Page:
Opera, Safari, Chrome and pretty much any other web-browsers are far safer and
faster than IE. Although we sometimes argue amongst ourselves about which
is better than the others they are all FAR better than IE in my
Explorer is made by Microsoft and they are quite keen to get people to buy their
newest versions of their own Office Suite and dissuade people from using
anything else. Also IE appears to have considerable trouble with all sorts
of issues that most others would consider security risk and it (IE) doesn't get
updates out to people quickly enough to deal with problems. Just as the
Eskimos have many words for snow and ice, so MS has many words for different
sorts of security issues. MS keep their own store of certificate and use
their own way of authenticating certificates but that doesn't seem to help them
become secure. They block ones that are safe (such as their rivals) and
allegedly let through ones that aren't.
you can keep using IE if you want to. It's also quite normal for people to
have at least 2 web-browsers installed and maybe use each for different things
or at different times.
you might find it better to install the 2nd package from the downloads page, the
in-built help. Once downloaded you install it. It 'needs' to be
installed sometime after the initial install of the main program but that could
be a year or 2 later and after extensive use of LO. There is no need to do
it straight-away although most of us do them both at around the same time to
avoid forgetting to do so.
you are just starting out with LO you might find the full proper guides quite
do have an entire team working on those so they are sometimes a bit more
up-to-date than the in-built help. It's good to have both but if they
conflict then it's the Publications that are more accurate. There is also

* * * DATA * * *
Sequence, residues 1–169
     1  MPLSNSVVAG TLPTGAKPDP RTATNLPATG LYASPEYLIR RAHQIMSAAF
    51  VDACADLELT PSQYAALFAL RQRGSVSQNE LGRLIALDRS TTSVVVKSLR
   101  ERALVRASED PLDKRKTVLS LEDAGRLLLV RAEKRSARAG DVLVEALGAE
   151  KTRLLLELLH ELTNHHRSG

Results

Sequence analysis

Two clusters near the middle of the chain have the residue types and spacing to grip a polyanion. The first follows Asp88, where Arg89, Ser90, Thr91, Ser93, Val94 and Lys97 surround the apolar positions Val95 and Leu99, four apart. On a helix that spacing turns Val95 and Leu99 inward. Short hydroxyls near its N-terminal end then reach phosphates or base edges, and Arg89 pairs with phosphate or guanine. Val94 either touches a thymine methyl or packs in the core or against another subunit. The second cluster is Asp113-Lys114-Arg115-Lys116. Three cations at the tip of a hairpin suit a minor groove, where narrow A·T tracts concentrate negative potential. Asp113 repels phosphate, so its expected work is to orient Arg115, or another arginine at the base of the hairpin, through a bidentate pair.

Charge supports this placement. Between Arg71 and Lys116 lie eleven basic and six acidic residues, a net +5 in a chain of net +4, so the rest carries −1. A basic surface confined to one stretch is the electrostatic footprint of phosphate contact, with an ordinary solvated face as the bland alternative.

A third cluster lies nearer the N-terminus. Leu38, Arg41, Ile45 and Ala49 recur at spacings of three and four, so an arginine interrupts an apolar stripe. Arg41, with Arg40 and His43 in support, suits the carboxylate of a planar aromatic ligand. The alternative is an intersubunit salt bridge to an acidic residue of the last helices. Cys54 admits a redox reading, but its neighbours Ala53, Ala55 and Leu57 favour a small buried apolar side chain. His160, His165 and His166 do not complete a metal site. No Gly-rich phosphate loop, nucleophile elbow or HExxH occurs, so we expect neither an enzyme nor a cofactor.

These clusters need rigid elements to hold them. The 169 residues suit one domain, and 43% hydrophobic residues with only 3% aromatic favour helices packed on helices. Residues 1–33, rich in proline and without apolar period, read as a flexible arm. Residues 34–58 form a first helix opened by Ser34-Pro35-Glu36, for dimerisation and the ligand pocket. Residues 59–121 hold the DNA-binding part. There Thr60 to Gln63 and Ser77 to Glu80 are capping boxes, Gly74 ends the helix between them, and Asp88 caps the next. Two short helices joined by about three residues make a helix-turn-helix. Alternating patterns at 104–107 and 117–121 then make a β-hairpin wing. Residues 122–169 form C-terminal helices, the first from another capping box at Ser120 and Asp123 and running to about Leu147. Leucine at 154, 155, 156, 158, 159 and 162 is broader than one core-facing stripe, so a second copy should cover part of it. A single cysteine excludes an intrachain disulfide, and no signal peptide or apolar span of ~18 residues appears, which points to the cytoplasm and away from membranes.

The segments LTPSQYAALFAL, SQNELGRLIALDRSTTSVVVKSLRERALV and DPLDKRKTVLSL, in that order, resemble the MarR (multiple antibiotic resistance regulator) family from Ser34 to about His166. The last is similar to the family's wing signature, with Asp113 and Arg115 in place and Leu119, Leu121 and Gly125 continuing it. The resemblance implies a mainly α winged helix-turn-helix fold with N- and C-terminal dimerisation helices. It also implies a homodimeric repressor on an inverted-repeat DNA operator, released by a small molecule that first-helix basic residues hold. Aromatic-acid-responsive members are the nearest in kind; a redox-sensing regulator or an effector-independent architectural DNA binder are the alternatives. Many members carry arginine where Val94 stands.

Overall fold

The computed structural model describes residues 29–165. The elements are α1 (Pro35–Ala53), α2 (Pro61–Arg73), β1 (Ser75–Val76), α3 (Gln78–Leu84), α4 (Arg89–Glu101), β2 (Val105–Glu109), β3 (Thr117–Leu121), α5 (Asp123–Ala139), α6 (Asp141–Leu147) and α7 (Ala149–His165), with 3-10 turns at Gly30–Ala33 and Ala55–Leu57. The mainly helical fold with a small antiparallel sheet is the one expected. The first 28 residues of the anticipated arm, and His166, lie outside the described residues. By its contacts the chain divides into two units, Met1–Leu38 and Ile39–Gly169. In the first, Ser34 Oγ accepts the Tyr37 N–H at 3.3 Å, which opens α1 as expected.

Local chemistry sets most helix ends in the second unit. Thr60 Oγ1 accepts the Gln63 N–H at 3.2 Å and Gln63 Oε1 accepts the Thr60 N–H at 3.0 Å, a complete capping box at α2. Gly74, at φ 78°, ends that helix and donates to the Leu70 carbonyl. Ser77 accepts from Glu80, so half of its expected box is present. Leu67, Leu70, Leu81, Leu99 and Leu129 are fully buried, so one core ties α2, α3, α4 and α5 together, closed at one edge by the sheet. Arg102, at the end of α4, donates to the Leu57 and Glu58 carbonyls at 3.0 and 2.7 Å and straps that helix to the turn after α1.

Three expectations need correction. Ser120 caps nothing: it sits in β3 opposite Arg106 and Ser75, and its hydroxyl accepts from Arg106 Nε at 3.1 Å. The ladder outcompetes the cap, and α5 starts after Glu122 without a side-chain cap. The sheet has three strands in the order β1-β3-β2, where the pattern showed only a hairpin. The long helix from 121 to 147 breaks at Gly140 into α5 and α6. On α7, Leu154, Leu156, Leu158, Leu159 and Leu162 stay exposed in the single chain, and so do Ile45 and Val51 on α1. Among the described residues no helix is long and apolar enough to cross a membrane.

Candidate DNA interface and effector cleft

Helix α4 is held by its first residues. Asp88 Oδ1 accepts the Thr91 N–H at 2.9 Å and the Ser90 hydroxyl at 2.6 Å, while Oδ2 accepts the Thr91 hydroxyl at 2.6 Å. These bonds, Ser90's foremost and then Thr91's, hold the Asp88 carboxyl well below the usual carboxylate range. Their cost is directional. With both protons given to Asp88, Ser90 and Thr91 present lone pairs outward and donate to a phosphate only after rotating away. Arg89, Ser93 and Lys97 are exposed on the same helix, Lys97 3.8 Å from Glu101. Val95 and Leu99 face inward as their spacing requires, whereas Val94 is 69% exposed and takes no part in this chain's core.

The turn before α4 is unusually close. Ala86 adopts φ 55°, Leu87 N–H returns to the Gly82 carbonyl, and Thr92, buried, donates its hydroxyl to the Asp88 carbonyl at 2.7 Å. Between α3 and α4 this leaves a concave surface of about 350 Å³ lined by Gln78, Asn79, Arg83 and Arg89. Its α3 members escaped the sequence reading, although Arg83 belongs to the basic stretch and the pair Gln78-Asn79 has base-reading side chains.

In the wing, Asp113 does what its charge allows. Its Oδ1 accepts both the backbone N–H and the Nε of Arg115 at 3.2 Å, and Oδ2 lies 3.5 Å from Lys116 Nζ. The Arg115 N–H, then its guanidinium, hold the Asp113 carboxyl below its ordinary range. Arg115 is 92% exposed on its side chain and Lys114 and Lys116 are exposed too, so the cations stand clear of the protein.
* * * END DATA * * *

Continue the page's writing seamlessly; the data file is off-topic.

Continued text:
you might find the courses at "Spoken Tutorials" are the best way to learn
quickly and thoroughly
they have a lot of different non-European languages but their English is
surprisingly impeccable and friendly.
my suggestions are;
install and accept the certificate or else just install the in-built help that
was also on the downloads page but just accepting the certificate is the faster
Quit using IE and use something safer, faster and more reliable. Firefox,
Opera, Safari, Chrome seem to be the most popular (not necessarily in that
install the Help package that was also on the downloads page. This way you
don't need to connect to the internet to reach the help package each time you
Download the guides you need or want from the wiki. I bought the "Getting
Started Guide" and will probably buy the "Base Handbook" too.
Use http://www.spoken-tutorial.org to learn about how to use all sorts of
OpenSource tools (such as Firefox or Chrome as well as LibreOffice)
From: Peter Hunt <email@example.com>
Sent: Sunday, 18 August 2013, 9:18
Subject: [libreoffice-users] LibreOffice 4.1 - Help with "Help" please
I have just downloaded and
installed – with great ease, thank you – the latest version of
LibreOffice. Being new to the suite of programs, I needed help early on
so I pressed F1. My browser opened and I was given the text below. I
tried other methods of accessing the online help but always found the same
There is a problem with
this website's security certificate.
security certificate presented by this website was issued for a different
problems may indicate an attempt to fool you or intercept any data you send to
that you close this webpage and do not continue to this website.
Click here to close this
Continue to this
website (not recommended).